Photo Credit: Vittorio Zunino Celotto/Getty Images
Yesterday the New York Times revealed that an Upper East Side landlord had filed a lawsuit against Oscar-winning Network actress Faye Dunaway, claiming that she did not actually live in the rent-stabilized Manhattan apartment under her name, and that he was seeking to evict her. Dunaway, however, has a different story to tell.
"I have not been evicted," Dunaway, 70, said in one of three voicemails left for the Times. "I have chosen to leave because of the state of the apartment, and also because I am spending less and less time in New York."
Dunaway says that she decided to vacate the apartment because the landlord, Henry Moses Jr., "refused to paint the house, and bugs were everywhere." In essence, she said, "He is a slum landlord. He has no class."
Moses fired back: "I have no record of her asking for it to be painted, and the fact that bugs are everywhere is nonsense because we have an exterminating service that comes by once a month and tenants can ask in addition to that for special visits."
The apartment in question is a one-bedroom walk-up in an old tenement building on East 78th Street, which may seem like an odd address for a rich and famous movie star. The monthly rent is $1,048.72, drastically lower than any other rent for an equivalent apartment in the same neighborhood. Rent stabilization requires that the apartment be the tenant's primary residence, and Dunaway admittedly spends most of her time in California.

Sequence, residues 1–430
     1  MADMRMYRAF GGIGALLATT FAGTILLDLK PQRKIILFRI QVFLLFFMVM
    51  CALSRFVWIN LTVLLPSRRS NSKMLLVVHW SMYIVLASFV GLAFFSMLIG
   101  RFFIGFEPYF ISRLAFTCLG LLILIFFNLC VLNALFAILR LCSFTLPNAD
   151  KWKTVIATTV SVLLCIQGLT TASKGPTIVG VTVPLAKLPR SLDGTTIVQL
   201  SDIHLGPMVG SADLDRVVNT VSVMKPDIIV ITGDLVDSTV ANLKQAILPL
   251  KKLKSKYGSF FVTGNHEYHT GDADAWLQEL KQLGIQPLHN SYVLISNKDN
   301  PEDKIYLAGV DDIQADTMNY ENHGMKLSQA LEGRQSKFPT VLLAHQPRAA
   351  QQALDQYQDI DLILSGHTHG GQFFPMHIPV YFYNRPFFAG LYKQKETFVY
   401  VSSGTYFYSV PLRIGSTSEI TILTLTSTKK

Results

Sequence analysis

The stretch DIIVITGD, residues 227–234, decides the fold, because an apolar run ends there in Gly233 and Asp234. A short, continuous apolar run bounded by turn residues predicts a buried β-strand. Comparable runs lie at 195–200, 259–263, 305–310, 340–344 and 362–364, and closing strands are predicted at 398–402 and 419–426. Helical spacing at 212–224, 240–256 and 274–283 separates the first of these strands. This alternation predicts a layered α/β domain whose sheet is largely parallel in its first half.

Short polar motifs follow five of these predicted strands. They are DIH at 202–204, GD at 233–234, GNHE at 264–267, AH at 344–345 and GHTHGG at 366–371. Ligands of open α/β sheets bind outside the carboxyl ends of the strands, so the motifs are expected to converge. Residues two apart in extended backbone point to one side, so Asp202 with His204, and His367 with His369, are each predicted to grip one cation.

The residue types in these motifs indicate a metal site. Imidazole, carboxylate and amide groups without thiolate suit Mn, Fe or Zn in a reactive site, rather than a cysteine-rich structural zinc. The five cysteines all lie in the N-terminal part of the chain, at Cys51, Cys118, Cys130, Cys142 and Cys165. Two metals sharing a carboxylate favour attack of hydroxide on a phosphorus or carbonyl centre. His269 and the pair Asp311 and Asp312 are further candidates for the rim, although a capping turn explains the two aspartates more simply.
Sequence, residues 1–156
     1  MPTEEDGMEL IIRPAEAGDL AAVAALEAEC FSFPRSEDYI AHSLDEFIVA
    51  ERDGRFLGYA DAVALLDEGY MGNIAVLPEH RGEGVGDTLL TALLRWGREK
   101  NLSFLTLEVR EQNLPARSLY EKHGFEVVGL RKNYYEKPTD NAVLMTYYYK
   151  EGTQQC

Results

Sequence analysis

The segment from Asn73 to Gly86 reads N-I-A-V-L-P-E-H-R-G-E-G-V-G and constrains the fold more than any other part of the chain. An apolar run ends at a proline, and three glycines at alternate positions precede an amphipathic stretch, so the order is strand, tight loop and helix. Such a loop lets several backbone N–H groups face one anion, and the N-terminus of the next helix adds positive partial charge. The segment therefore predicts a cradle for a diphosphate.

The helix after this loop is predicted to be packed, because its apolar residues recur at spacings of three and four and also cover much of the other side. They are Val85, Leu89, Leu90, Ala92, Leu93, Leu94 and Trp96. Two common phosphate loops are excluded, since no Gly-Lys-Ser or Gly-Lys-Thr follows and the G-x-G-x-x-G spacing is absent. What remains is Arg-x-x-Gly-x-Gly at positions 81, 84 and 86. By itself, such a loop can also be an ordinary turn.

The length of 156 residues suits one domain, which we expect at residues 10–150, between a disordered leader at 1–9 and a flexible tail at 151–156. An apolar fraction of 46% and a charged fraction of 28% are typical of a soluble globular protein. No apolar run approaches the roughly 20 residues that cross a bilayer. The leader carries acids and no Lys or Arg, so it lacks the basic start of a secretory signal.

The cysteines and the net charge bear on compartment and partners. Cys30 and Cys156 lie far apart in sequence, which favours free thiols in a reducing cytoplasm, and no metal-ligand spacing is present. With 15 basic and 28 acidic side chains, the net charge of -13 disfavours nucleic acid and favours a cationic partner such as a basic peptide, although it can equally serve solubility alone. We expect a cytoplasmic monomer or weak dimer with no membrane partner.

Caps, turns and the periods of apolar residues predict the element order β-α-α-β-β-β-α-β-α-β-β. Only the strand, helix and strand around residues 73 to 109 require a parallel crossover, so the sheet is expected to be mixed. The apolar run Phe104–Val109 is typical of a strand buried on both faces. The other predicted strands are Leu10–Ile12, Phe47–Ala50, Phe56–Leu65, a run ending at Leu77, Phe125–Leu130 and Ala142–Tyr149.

According to The New York Times, Dunaway was given the apartment by her mentor, playwright William Alfred, who died in 1999. Dunaway had been working on organizing Alfred's possessions and donating them to Brooklyn College, where Alfred went for his undergraduate education. Dunaway contacted Brooklyn College about making more donations as recently as last week.
But Moses' lawyer Craig Charie claims that, despite Dunaway's statement that she has given up the apartment, the actress has yet to return the keys to the apartment and still appears to be storing some of her belongings there. Moses saved some of Dunaway's voicemail messages where she offers to return the keys, and also informs Moses that she has arranged for a moving company to come and pick up some papers left behind.
"As of now, I don't have legal possession; she hasn't put a thing in writing," says Charie. "What if she goes in there and later claims, 'I had the Hope Diamond there and my Oscar in there and you took it'?"